Speaker’s Suggested Introduction:
Our speaker today is Len Lamensdorf. After graduating from the University of Chicago Law School where he was an editor of the Law Review, he got married and he and his wife headed off to Cambridge, Massachusetts, where Len worked for the American Law Institute Tax Project at Harvard. Len says that was not the most exciting job he ever held. After that Len and his wife took off for Europe, where they drove a tiny Renault across he continent, not returning to the U.S. until, 3 1/2 months later when they had run out of money. Len had offers from a major New York tax law firm and the Justice department. Instead he joined a private development business which built some major shopping malls in the Midwest.
But all his life, Len thought of himself as a writer. After many disappointments, Simon & Schuster published his novel, Kane’s World, and Delacorte published another of his works. But Len tired of the Literary establishment and began to write books for his own little company. He has now published 9 novels, written three full-length plays and written and produced a feature film called Cornbread, Earl & Me. The film became an icon in the Civil rights community. It tells the story of a young black man, an athlete, who is gunned down by cops who mistake him for a murderer they are chasing. It’s story is so relevant, it is being remade this year.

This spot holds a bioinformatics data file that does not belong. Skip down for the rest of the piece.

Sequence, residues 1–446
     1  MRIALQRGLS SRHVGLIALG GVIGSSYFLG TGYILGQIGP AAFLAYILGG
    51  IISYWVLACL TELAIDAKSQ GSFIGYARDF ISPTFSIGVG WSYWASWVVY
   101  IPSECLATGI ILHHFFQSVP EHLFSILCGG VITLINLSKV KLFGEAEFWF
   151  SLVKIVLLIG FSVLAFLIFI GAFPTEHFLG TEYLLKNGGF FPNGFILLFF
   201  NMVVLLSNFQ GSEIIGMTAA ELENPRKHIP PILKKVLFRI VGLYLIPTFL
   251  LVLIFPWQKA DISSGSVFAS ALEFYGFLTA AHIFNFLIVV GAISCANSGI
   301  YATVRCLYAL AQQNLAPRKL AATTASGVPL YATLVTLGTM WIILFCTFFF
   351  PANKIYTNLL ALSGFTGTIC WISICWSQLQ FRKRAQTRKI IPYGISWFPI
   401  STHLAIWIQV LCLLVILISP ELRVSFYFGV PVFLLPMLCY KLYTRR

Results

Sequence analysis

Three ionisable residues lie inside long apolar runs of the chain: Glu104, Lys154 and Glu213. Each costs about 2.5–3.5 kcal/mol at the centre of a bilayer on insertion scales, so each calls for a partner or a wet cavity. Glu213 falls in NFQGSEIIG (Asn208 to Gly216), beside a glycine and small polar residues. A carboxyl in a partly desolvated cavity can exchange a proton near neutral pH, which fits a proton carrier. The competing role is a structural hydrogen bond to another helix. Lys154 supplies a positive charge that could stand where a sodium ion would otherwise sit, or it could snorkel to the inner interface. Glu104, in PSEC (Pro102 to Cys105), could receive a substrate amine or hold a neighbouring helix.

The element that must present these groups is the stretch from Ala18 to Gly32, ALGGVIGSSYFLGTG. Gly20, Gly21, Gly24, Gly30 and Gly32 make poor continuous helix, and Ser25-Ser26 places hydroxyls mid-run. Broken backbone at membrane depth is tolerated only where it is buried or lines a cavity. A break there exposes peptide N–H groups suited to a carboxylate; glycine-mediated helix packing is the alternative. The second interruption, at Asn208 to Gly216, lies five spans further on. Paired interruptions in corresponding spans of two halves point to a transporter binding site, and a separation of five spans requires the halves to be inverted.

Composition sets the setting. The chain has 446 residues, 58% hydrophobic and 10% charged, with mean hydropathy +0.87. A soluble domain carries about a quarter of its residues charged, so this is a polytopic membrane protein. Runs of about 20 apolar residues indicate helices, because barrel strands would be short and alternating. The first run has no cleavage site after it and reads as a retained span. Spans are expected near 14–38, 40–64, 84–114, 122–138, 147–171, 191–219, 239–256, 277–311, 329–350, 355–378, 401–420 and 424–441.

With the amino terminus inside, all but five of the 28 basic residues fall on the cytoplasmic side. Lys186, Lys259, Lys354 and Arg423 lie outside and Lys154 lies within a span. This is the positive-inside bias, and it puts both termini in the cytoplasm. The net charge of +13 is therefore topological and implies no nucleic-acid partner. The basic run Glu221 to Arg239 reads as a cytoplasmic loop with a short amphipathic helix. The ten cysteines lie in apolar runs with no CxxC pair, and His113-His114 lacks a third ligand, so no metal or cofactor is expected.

Len’s books won multiple Benjamin Franklin Awards, IPPy’s and ForeWord Books of the Year. His historical novel, The Ballad of Billy Lee, George Washington’s favorite Slave, was acclaimed by Pulitzer Prize winning historians, Joseph J. Ellis, and Ron Chernow, who is now famous as historical consultant for “Hamilton,” the Broadway musical that won 11 Tony Awards.
Len and his family traveled many times to countries on 5 continents. He visited the Holy Land,. walking, literally in the steps of Jesus of Nazareth. This inspired Len to write an historical novel. He set this aside for decades and very recently decided to take up the project. I’ll let him tell you why. Len’s novel has many challenging elements, and he understands that some readers may be astonished, even outraged. I’ll let Len defend himself – remember he’s a lawyer. Please welcome Len Lamensdorf.
A few notes from Len: